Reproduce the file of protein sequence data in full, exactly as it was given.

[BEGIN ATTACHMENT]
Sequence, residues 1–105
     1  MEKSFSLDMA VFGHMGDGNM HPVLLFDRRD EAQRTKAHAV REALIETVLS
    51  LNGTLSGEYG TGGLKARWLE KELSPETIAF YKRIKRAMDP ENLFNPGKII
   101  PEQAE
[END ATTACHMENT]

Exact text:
Sequence, residues 1–105
     1  MEKSFSLDMA VFGHMGDGNM HPVLLFDRRD EAQRTKAHAV REALIETVLS
    51  LNGTLSGEYG TGGLKARWLE KELSPETIAF YKRIKRAMDP ENLFNPGKII
   101  PEQAE